Bonus Tip: Don’t try super hard to be popular! It may seem counterintuitive, but the more you try to be popular, the fewer friends you attract. Why is that? Because people who put on extravagant facades to get validation from others may attract the wrong type of people.
Trying to impress people for the sake of popularity is usually a dead-end street. It inflates your ego and conceals your true self. Trying to be someone you’re not is exhausting, anyhow. People are magnetized by those who embrace their uniqueness, not those who try super hard to be something they’re not.
Instead of trying too hard to be popular, work on cultivating better character traits and social skills.
How to Be Popular Takeaways
Being popular comes down to being a good person. People want to be around individuals that stand out from the crowd with their kindness, confidence, positivity, authenticity, and charisma.
Apply these bite-sized principles to your life today, and maybe you will start attracting more popularity in your social circles:
- Be the Social Glue: Practice bringing people together in every aspect of your life. Invite someone from the office to eat lunch with you and a friend. Host a small get-together at your house this weekend and invite people from different social groups. Most importantly, always introduce people to each other when you’re out and about.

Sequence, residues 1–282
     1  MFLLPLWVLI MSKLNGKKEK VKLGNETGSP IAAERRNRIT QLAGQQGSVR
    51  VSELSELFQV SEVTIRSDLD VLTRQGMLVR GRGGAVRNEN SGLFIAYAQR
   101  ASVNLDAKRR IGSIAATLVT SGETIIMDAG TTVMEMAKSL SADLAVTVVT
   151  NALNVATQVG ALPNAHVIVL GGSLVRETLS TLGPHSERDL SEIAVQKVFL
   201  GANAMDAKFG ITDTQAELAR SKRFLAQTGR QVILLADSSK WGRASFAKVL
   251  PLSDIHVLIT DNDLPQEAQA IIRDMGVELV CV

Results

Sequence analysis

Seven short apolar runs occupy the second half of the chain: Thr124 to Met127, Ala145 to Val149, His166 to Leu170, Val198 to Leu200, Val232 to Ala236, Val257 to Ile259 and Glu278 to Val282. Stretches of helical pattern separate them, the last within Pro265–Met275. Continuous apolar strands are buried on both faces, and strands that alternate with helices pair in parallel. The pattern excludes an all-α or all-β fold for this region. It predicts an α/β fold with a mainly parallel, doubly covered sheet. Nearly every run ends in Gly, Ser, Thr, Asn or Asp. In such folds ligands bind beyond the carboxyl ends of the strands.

- Radiate Confidence: Boost your self-esteem, practice proud posture, and learn to love yourself for who you are. Confidently embrace your authenticity so that other people feel comfortable opening up around you.
- Practice Small Talk Regularly: Strike up a conversation in line at the grocery store or coffee shop. Ask people questions about themselves.
- Give People Your Undivided Attention: No matter who you are talking to, show them the utmost kindness and respect by giving them your full attention. Use eye contact, nods, verbal cues, and undistracted attention to show them that you care.
- Don’t Be Afraid to Make the First Move: Popularity ultimately comes down to courage. Friends don’t often just fall in your lap. Most people are yearning to be accepted and included in a social setting. Are you brave enough to reach out to others and make the first move in establishing a new friendship? Invite someone to coffee or lunch; what do you have to lose?
Remember, popularity is not an exclusive club that you need to be invited to. Anyone can learn all of the traits and skills required for popularity. It may not be easy, but the effort in developing your social skills can pay off tremendously with deep, fulfilling social connections that last a lifetime.
If you want to attract more people into your life, try these 5 science-backed strategies to be more likable.